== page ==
Egg whites are great for building muscle and lowering cholesterol, but it turns out that they have benefits far beyond the kitchen.
Researchers at Princeton Engineering last year found a way to turn your breakfast food into a new material that can cheaply remove microplastics from our oceans.
Microplastics are tiny plastic particles that result from both commercial product development and the breakdown of larger plastics. They can find their way into our food and water, causing a variety of health problems. They’re also everywhere — it’s estimated that there are more than 24 trillion pieces in our oceans.
Using regular, store-bought egg whites, the team at Princeton created an aerogel, which is a lightweight material that can be used for water filtration, energy storage, and thermal insulation. The idea for this process came during lunch, as Craig Arnold, the vice dean of innovation at Princeton, was eating a sandwich.
“I was sitting there, staring at the bread in my sandwich. And I thought to myself, ‘This is exactly the kind of structure that we need,’” Arnold told Phys.org.
Arnold set his team to work, asking them to replicate the aerogel structure he had in mind by mixing carbon with a variety of bread recipes. The group continued to take away ingredients throughout its tests until the egg whites were the only thing left.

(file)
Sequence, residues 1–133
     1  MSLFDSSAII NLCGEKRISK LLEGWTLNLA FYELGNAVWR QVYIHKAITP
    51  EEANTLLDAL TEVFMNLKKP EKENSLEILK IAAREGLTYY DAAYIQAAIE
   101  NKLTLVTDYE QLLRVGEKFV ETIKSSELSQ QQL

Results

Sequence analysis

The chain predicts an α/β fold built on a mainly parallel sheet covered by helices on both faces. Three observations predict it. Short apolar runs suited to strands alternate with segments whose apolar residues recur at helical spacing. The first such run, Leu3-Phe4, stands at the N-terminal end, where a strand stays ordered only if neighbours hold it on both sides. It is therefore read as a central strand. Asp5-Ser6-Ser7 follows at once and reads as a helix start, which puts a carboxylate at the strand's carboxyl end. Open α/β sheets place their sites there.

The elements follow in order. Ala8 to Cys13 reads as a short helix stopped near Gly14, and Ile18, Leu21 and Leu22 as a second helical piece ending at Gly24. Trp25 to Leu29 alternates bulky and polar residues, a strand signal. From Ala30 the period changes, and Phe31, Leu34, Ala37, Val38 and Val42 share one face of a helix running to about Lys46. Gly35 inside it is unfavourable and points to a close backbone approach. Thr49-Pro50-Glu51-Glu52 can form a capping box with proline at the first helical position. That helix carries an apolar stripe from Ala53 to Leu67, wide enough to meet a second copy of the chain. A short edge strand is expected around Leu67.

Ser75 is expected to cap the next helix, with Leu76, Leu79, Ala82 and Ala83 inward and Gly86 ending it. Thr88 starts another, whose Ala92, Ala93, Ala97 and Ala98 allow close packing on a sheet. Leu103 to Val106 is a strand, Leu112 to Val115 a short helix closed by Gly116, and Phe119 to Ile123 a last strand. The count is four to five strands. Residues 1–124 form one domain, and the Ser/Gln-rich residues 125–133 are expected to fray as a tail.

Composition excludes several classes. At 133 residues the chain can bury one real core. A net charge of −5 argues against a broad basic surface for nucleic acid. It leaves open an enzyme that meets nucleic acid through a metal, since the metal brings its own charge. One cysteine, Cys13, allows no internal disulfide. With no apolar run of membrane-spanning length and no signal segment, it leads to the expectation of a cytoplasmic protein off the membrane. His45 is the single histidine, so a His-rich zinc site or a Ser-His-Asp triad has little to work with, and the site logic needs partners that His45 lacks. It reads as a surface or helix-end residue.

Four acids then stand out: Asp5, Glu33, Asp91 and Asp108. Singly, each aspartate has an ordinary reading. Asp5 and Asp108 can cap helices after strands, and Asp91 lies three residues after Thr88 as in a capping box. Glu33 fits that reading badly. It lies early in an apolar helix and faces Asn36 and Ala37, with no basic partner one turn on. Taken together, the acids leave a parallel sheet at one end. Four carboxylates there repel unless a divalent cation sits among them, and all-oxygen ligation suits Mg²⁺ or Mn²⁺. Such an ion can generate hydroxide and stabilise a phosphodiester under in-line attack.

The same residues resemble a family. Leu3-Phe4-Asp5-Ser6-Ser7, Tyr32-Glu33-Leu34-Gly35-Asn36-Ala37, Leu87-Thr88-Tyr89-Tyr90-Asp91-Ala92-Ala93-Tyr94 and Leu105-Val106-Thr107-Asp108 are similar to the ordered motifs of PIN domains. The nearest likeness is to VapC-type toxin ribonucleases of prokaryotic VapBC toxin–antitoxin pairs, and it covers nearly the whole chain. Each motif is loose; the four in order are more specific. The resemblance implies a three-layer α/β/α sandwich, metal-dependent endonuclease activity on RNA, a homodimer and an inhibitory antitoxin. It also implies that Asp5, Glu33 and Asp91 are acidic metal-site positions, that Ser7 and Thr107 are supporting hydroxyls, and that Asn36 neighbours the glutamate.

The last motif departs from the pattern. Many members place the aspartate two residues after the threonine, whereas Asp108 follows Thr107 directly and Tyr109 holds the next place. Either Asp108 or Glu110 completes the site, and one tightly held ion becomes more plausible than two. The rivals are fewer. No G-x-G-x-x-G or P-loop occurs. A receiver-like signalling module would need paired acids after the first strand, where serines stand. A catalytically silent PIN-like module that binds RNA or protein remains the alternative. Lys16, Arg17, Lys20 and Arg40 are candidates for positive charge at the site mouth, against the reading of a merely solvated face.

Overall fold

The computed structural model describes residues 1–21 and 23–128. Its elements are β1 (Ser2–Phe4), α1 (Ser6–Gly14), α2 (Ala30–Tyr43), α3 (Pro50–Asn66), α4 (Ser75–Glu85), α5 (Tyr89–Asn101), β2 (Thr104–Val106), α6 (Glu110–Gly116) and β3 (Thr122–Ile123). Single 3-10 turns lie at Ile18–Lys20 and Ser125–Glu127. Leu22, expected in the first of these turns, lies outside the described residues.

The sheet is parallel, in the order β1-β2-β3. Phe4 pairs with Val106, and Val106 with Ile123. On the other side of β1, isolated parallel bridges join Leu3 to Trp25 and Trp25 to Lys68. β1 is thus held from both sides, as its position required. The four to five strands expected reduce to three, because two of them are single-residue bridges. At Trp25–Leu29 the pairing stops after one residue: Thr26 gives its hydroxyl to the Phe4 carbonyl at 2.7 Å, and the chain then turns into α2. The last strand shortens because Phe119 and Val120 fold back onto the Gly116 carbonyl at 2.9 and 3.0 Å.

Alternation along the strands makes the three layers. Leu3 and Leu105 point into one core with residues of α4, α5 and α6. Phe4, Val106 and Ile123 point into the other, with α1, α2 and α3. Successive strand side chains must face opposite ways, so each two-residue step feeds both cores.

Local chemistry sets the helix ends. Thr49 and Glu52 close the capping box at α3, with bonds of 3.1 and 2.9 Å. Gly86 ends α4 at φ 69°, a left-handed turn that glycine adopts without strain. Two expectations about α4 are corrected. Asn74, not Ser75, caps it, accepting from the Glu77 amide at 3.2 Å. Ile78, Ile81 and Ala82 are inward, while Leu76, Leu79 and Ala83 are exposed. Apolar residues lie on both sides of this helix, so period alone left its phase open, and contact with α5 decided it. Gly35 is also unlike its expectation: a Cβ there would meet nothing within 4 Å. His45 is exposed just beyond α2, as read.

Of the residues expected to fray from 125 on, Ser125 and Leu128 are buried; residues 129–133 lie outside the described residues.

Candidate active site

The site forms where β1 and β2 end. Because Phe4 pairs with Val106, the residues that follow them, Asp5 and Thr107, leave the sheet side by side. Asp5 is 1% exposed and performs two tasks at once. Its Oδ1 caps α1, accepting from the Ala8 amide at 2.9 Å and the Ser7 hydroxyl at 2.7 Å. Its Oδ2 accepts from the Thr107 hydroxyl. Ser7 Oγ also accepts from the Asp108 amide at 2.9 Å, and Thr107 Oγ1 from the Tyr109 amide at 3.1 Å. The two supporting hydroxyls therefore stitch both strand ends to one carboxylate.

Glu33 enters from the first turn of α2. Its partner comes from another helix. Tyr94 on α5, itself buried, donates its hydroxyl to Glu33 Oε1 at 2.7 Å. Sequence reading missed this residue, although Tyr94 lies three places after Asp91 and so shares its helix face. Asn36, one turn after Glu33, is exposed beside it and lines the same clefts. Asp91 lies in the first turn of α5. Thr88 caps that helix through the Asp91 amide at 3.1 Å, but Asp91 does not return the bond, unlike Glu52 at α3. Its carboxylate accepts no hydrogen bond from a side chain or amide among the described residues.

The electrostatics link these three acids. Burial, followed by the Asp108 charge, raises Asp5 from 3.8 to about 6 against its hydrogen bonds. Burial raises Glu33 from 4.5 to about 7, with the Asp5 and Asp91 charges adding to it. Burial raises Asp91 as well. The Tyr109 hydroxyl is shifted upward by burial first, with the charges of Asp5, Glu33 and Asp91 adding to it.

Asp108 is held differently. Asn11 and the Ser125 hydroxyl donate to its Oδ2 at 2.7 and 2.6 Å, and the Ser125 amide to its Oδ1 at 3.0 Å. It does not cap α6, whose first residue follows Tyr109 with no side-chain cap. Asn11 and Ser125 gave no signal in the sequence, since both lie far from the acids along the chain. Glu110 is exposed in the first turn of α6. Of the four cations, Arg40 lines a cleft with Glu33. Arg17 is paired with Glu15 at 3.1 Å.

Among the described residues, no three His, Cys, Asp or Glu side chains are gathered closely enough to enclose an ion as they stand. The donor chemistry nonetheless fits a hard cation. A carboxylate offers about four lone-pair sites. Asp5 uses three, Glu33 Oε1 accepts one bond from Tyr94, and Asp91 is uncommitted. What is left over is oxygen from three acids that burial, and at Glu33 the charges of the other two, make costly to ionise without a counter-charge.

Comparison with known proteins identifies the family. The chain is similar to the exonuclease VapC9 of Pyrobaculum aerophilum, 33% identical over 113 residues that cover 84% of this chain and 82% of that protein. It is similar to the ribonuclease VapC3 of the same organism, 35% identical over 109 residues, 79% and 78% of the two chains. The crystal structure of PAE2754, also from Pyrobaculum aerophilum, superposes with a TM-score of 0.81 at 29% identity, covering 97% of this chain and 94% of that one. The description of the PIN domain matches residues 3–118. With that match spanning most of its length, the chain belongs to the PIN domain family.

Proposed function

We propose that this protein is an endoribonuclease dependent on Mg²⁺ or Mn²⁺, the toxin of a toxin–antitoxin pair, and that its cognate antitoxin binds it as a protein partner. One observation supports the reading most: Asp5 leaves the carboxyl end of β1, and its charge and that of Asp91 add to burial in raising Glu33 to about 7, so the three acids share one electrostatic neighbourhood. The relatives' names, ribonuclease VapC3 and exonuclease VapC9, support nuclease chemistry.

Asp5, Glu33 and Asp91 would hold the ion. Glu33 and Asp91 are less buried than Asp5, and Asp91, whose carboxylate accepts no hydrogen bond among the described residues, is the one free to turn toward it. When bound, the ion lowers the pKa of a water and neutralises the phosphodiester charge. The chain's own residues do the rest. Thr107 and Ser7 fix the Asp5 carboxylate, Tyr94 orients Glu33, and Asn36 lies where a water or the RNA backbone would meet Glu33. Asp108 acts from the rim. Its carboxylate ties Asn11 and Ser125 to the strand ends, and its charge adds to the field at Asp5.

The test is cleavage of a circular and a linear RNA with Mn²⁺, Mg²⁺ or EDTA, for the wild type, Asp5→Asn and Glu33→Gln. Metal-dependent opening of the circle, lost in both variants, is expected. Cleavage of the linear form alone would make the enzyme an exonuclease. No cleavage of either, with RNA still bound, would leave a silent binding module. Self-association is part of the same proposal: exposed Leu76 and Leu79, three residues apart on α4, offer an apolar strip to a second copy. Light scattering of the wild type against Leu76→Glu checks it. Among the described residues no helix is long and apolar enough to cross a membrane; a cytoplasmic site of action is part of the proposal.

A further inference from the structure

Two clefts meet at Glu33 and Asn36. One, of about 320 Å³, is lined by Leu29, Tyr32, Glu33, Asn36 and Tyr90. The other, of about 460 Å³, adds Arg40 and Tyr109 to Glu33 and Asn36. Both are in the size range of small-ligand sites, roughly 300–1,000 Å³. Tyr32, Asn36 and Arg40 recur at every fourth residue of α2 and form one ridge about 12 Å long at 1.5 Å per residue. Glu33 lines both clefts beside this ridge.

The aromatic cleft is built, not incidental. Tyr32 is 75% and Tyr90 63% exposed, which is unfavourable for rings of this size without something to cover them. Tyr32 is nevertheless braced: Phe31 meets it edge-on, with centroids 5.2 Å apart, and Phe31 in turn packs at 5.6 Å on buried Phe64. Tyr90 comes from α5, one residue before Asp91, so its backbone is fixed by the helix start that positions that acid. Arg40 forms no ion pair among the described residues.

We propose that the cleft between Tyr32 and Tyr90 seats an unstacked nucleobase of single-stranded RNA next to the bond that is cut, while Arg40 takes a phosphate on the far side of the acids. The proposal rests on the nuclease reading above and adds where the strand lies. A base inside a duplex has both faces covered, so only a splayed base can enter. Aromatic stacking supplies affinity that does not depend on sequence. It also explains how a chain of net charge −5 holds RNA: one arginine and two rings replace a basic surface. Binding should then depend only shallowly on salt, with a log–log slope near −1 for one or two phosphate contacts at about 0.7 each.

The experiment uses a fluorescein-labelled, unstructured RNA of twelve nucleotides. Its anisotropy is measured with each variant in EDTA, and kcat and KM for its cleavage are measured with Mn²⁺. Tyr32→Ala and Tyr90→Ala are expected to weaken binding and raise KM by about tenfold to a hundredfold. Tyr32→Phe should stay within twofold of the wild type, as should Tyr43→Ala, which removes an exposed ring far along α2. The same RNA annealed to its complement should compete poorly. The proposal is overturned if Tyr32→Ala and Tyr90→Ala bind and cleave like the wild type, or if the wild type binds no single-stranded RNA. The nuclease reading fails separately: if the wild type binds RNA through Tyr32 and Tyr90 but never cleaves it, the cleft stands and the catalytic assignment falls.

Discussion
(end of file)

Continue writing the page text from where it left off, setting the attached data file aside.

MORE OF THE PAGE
“We started with a more complex system, and we just kept reducing, reducing, reducing, until we got down to the core of what it was,” Arnold told Phys.org. “It was the proteins in the egg whites that were leading to the structures that we needed.”
Egg whites are more complicated than they may seem and can be transformed into interconnected strands of carbon fibers and sheets of graphene, an ultra-thin compound that can ultimately be turned into graphite.
To accomplish this transformation, the researchers freeze-dried the proteins in egg whites, then heated them to 900 degrees Celsius (above 1,600 degrees Fahrenheit) in an environment without oxygen.
The resulting egg white material is inexpensive to produce, energy efficient, and highly effective. As Sehmus Ozden, one of the paper’s authors, stated: “Activated carbon is one of the cheapest materials used for water purification. We compared our results with activated carbon, and it’s much better.”
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